That company was renamed the Decca Gramophone Co. Ltd. Within years, Decca Records Ltd. was the second largest record label in the world, Decca bought the UK branch of Brunswick Records and continued to run it under that name. In the 1950s the American Decca studios were located in the Pythian Temple in New York City, in classical music, Decca had a long way to go from its modest beginnings to catch up with the established HMV and Columbia labels. The pre-war classical repertoire on Decca was not extensive, but was select, heinrich Schlusnus made important pre-war lieder recordings for Decca. John Culshaw, who joined Decca in 1946 in a junior post and he revolutionised recording – of opera, in particular. Hitherto, the practice had been to put microphones in front of the performers, Culshaw was determined to make recordings that would be a theatre of the mind, making the listeners experience at home not second best to being in the opera house, but a wholly different experience. To that end he got the singers to move about in the studio as they would onstage, used sound effects and different acoustics.
His skill, coupled with Decca engineering, took Decca into the first flight of recording companies and his pioneering recording of Wagners Der Ring des Nibelungen conducted by Georg Solti was a huge artistic and commercial success. In the wake of Deccas lead, artists such as Herbert von Karajan, Joan Sutherland, Culshaw was, strictly speaking, not the first to do this. Far from being a mere rendering of the score, the 3-LP album set used sound effects to recreate the production as if the listener were watching a stage performance of the work. Until 1947, American Decca issued British Decca classical music recordings, British Decca took over distribution through its new American subsidiary London Records. American Decca actively re-entered the classical music field in 1950 with distribution deals from Deutsche Grammophon, American Decca began issuing its own classical music recordings in 1956 when Israel Horowitz joined Decca to head its classical music operations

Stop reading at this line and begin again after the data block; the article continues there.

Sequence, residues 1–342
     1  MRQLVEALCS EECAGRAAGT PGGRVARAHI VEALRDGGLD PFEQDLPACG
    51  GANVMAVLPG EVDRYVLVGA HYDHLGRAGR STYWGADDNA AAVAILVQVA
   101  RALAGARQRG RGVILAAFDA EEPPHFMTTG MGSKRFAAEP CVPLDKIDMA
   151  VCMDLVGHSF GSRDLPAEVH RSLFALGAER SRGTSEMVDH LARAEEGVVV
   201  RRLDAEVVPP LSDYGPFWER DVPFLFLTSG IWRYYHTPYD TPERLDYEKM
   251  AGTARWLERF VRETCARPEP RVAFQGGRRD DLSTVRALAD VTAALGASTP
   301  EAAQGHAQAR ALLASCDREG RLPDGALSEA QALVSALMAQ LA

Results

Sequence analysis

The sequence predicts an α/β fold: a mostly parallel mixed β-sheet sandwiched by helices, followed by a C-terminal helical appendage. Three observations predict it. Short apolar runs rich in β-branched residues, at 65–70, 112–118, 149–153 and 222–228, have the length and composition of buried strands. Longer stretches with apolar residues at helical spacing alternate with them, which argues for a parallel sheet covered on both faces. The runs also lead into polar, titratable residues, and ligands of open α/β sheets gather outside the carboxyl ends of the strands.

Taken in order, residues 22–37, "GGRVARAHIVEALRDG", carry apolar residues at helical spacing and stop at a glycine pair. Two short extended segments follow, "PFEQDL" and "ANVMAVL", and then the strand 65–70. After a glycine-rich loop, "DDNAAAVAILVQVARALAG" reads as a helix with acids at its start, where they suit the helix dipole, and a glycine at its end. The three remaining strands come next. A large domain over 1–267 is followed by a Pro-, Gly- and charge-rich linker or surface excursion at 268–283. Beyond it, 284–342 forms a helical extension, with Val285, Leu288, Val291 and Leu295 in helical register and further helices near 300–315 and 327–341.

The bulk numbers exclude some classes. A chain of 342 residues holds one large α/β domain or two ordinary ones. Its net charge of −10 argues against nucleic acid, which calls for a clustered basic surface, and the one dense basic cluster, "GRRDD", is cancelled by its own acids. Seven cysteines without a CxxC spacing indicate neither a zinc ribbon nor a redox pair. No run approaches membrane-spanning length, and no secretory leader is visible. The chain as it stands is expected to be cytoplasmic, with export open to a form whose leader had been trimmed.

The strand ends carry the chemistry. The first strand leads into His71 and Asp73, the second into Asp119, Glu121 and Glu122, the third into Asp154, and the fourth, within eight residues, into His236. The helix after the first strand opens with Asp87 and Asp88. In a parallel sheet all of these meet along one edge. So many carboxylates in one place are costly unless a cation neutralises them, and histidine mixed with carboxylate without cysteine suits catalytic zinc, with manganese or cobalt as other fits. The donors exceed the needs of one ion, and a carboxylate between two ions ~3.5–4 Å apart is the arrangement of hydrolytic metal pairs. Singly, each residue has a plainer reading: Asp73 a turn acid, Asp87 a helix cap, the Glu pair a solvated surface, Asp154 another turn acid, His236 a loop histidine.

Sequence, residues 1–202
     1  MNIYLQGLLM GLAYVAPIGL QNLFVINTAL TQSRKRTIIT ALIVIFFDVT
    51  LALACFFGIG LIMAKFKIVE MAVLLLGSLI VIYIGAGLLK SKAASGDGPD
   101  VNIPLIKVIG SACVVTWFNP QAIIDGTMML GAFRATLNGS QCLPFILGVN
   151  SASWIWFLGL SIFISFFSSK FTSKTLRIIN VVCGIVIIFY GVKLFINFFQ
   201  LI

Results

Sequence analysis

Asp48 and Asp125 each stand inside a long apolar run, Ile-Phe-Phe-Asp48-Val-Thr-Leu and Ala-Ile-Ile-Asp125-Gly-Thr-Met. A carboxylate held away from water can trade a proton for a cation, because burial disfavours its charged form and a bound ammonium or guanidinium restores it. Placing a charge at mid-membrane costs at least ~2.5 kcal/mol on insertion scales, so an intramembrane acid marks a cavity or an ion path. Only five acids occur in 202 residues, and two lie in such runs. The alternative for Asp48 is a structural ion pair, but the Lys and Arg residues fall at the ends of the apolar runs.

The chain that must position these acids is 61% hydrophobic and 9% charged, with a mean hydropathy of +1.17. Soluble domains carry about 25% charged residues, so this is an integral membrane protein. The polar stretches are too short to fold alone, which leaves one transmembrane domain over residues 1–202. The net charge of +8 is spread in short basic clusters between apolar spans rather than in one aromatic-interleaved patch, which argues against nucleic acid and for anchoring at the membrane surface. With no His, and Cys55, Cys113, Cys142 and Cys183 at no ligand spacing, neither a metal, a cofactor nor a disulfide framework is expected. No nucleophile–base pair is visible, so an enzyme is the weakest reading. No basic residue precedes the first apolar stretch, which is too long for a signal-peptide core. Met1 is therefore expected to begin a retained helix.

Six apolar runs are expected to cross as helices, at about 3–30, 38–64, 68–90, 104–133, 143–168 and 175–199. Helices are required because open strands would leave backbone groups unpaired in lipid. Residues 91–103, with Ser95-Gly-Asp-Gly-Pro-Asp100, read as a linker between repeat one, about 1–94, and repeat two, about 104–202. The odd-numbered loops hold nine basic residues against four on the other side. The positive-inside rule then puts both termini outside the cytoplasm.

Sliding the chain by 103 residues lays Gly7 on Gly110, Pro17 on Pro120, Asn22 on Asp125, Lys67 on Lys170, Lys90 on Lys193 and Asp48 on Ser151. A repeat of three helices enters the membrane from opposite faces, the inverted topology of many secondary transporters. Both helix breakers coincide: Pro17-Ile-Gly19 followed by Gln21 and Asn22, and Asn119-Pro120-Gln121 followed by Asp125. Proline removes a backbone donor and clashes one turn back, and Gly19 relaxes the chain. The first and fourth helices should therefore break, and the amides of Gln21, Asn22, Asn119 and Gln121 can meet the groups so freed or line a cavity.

Brunswick Records is an American record label founded in 1916. The company first began producing phonographs in 1916, began marketing their own line of records as an after-thought and these first Brunswick records used the vertical cut system like Edison Disc Records, and were not sold in large numbers. They were recorded in the US but sold only in Canada, in January 1920, a new line of Brunswick Records was introduced in the US and Canada that employed the lateral cut system which was becoming the default cut for 78 discs. Brunswick started its standard popular series at 2000 and ended up in 1940 at 8517, when the series reached 4999, they skipped over the previous allocated 5000s and continued at 6000. Also, when they reached 6999, they continued at 7301, the parent company marketed them extensively, and within a few years Brunswick became one of the USAs Big Three record companies, along with Victor and Columbia Records. The Brunswick line of home phonographs were commercially successful, Brunswick had a hit with their Ultona phonograph capable of playing Edison Disc Records, Pathé disc records, and standard lateral 78s.